2010-12-08 / Front Page

Georgia Family Council

Is Marriage Obsolete?
By Randy Hicks President of Georgia Family Council

Virtually every major news outlet in the country shouted it and every talk show discussed it: “Marriage is becoming obsolete.”

The interest in the apparent obsolescence of marriage came from a highly publicized survey of Americans conducted by the Pew Research Center titled, “The Decline of Marriage and the rise of New Families.”

If you care about the state of marriage and family in America, the title sounds quite ominous. And it is. But if there was ever a time to actually heed the bromide, “there’s more to it than meets the eye,” this is it.

The Pew report does contain some genuinely bad news, including the fact that the marriage rate continues to decline, as does the rate of children living with their married parents. And the fact that cohabitation and unwed childbearing rates continue to climb can only be viewed as a negative thing as well. Why? Because according to academic studies far too numerous to name, kids and adults in single parent homes are at a much higher risk for a wide variety of social harms.

And the fact that, according to the Pew report, 39 percent of adults agree that “marriage is becoming obsolete” is troubling indeed. But that response was in reply to a question about marriage as a social concept; but as you dig deeper into the report, it is clearly a state- ment about what the respondents perceive to be true about what’s going on in the culture more broadly, not about their own personal feelings about marriage.

So let’s begin that deeper dig and look at some of the other numbers. As we do, you’ll discover that American adults value marriage greatly; they’re just not so sure if others around them feel as strongly about marriage as they do.

• Only 13 percent express no interest in marrying.

• Only 16 percent of those currently living together without the benefit of marriage express no interest in marriage. In other words, those we’d assume to be less keen on the idea of marriage are actually interested in marrying.

• More people want to marry today than did in 2007.

What might be the most encouraging piece of information from the report is that fact that, “The youngest generation has the strongest desire to marry.” Seven out of ten unmarried 18 to 29-yearolds say they want to be married.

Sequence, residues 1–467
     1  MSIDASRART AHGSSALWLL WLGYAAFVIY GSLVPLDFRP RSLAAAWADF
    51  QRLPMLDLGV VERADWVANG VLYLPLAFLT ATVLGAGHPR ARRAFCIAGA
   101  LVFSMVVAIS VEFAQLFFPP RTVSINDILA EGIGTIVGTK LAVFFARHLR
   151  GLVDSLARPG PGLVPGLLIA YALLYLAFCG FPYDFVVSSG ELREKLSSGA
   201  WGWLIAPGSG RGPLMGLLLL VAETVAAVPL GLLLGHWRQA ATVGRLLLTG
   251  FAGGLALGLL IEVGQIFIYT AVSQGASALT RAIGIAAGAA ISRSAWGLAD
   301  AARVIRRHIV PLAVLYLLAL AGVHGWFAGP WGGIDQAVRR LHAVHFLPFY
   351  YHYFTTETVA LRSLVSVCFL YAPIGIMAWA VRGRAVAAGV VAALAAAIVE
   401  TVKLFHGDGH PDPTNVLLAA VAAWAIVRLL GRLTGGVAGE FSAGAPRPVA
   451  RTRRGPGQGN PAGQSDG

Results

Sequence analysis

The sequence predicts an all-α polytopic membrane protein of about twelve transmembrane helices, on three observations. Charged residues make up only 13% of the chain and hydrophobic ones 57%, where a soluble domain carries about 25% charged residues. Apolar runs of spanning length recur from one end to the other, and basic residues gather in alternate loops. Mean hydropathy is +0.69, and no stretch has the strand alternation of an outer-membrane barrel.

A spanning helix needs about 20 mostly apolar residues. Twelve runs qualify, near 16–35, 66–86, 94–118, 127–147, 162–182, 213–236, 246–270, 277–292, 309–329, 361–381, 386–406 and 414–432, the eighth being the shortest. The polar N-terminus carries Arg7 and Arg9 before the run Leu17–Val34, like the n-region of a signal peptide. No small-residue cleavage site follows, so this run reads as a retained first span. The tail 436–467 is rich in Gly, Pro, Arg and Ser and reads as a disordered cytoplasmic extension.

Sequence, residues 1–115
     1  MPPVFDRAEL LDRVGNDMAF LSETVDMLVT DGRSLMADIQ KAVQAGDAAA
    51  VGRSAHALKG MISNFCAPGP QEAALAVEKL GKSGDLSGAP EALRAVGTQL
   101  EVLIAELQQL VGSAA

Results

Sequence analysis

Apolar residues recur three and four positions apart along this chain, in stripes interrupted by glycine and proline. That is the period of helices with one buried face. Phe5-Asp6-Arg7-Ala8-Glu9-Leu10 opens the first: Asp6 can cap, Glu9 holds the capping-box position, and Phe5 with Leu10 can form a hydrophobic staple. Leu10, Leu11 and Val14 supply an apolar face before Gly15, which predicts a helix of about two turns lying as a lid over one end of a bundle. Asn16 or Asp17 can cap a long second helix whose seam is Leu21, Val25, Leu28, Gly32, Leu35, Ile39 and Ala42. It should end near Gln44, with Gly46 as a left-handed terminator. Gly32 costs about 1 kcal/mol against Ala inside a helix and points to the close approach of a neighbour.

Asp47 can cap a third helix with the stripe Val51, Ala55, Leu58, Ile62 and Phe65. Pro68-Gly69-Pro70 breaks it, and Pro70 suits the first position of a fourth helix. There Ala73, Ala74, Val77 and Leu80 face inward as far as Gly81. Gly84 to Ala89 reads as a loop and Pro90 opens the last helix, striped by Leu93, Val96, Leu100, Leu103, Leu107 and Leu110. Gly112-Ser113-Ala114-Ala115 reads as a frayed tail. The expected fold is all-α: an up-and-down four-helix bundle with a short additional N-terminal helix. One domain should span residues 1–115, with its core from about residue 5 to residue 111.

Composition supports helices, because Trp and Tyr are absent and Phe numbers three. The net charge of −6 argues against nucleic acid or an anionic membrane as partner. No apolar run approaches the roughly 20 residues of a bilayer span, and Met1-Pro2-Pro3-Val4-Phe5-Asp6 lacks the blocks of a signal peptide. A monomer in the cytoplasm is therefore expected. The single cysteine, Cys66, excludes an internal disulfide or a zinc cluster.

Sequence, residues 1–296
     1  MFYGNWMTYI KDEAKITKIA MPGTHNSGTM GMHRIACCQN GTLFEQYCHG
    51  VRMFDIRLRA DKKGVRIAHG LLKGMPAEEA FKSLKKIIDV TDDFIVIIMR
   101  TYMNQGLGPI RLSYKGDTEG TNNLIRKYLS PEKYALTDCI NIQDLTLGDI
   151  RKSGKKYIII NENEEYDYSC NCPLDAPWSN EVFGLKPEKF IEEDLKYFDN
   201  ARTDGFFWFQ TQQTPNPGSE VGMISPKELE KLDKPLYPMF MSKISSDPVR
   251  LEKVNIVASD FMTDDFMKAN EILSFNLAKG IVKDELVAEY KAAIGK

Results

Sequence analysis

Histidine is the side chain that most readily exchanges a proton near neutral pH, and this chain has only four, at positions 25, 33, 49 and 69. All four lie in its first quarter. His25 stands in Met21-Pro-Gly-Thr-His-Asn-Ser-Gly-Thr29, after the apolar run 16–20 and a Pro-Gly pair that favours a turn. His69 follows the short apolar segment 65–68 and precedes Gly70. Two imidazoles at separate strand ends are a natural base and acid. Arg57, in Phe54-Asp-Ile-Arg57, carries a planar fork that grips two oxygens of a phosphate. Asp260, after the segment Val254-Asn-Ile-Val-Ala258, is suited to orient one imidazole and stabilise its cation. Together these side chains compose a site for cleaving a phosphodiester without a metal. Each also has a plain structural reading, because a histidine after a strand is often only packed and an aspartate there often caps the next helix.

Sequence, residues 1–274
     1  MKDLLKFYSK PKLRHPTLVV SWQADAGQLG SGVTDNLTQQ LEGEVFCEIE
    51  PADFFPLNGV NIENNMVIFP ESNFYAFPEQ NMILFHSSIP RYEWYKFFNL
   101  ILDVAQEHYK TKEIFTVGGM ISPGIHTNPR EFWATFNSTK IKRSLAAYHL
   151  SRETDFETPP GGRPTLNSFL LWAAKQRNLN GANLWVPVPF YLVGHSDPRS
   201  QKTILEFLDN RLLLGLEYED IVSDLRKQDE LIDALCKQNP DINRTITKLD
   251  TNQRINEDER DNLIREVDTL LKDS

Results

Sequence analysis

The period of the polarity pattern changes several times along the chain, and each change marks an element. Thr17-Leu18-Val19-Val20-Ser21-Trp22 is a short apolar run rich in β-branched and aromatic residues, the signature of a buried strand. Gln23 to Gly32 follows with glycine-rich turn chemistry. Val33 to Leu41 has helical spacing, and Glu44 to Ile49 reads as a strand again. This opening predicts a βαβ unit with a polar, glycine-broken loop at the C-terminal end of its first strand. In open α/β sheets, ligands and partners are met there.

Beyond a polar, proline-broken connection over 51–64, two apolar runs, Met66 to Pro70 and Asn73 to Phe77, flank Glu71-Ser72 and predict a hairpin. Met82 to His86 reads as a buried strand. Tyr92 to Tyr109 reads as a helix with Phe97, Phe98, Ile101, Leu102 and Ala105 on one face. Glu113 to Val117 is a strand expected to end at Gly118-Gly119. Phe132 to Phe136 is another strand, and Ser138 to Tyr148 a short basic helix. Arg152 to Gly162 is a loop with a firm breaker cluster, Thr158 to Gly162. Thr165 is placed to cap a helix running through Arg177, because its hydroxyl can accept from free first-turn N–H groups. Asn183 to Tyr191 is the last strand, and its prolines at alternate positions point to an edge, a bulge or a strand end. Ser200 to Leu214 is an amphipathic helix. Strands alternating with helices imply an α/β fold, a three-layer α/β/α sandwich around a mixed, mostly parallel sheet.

So, what do we make of all this? Well, I’d sum it up this way: generally speaking, people like marriage and want to be married. They just don’t think you and I do. And who can blame anyone for reaching that conclusion? With marriage rates declining and cohabiting increasing, it would be easy for any one of us to conclude that “marriage isn’t as relevant to others as it is to me.”

But the Pew report reveals an enduring individual desire to marry and have healthy relationships. So I suspect the real problem here is a lack of confidence – a lack of confidence in others’ ability to form and sustain a healthy marriage and a lack of confidence in one’s own ability have a longlasting marriage. In context, it appears that the continuing increase in rates of cohabitation is a reflection of people’s lack of confidence (not their lack of interest) in marriage.

A generation ago, “living together” or “shacking up” was much more of an expression of social defiance – an in-your-face rejection of the social mores of the previous generation. But given the fact that, according to the Pew report, 64 percent of cohabiters see their cohabiting as “a step toward marriage,” living together today seems to reveal an internal confliction of hope and fear.

Is too much being made of the Pew report findings on marriage becoming obsolete? Well, yes and no.

The fact is, marriage in America is in a fragile state and many have become disillusioned about whether lasting marriage is actually possible. Divorce is common and numerous children are growing up in homes without a father. Family fragmentation often begets family fragmentation. Rampant cohabitation does not bode well for healthy marriages either as research has shown that living together before marriages actually increases the chances of divorce for many couples.

However, most of us desire marriage and for life-long love to succeed. The challenge is helping couples to believe it’s possible – more possible than the culture makes us believe. The question is: are we doing what it takes to help people have a successful marriage?

Georgia Family Council is a non-profit research and education organization committed to fostering conditions in which individuals, families and communities thrive. For more information, go to www.georgiafamily.org, (770) 242-0001, stephen.daniels@georgiafamily.org.

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